A photographer who was integral to documenting Washington State will have his vast archive preserved and made available to the public thanks to a $25,000 grant.
Asahel Curtis was an active photographer in the Pacific Northwest from the 1880s to 1941 and his collection is described as an “invaluable resource” by the Washington State Historical Society (WSHS).
But up until now only 10 percent of his work has been digitzed and made available. Head of collections at the WSHS Margaret Wetherbee says there are 50,000 unknown images lying hidden.
“We really feel like it can’t be that one person goes through a collection and says what’s important anymore,” Wetherbee tells King5.
“That’s not the standard. Our public expects to have free and public access to our materials and the 5,000 images that are currently digitized prior to the project were the work of one person’s view.”
The majority of Curtis’ photos are nitrate negatives and must be stored carefully because they are highly flammable. He shot on glass plates too but since they degrade slower it’s the nitrate negatives that the team is prioritizing.
Curtis’ work is made even more valuable by the photographers’ meticulous record-keeping: handwritten notes informing the viewer exactly where and what they are looking at.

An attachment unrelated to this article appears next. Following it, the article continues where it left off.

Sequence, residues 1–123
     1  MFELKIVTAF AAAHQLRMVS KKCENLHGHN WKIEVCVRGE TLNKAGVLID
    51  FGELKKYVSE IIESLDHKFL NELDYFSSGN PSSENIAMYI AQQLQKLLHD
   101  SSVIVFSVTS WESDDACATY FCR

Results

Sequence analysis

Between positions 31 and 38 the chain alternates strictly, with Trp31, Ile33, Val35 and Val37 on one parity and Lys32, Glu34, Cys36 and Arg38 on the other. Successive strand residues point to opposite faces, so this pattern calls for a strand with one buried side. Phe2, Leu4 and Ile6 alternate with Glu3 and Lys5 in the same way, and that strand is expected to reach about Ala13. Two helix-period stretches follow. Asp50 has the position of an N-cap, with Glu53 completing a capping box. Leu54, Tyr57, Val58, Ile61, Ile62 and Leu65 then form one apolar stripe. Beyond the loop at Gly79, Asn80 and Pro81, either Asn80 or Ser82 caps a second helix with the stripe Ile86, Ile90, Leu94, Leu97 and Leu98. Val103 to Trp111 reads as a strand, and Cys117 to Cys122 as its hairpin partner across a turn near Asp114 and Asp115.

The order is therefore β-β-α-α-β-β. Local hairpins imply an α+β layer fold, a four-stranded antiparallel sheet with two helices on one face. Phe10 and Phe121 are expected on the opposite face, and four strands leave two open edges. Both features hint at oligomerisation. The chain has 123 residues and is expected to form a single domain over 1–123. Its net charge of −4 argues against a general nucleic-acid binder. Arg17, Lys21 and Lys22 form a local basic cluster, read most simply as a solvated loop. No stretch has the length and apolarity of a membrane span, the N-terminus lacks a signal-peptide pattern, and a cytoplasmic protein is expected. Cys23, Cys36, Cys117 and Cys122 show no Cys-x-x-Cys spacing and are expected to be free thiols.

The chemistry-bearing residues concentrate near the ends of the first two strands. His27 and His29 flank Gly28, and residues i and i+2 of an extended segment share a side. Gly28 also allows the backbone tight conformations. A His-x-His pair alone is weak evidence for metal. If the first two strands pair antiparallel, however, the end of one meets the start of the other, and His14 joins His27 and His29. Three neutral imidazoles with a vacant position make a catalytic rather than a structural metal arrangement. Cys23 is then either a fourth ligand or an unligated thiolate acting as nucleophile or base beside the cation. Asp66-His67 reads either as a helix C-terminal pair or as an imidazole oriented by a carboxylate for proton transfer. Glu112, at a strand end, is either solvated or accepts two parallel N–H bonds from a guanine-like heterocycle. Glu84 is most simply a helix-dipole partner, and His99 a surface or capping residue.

“He didn’t just take a pretty photo of it, he documented it,” says Wetherbee. “He told you which intersection he was at, he told you which direction he was looking. So when we piece all of those photos together we’ll have a very complete image of what it looked like during that time period.”
During his time as a commercial photographer, Curtis was paid to capture large events in Seattle as well as churches and irrigation systems. But he also had a huge admiration for Mount Rainier which he photographed regularly and documented mountaineers scaling the natural landmark.
His eclectic work will now be scanned by staff members; Wetherbee estimates that the team will be able to scan around 100 images per day and the project is expected to complete in 12 to 18 months.
The $25,000 grant came from the Pendleton and Elisabeth Carey Miller Charitable Foundation but The Washington State Historical Society estimates it will need a further $75,000 to complete the project. A donation can be made here.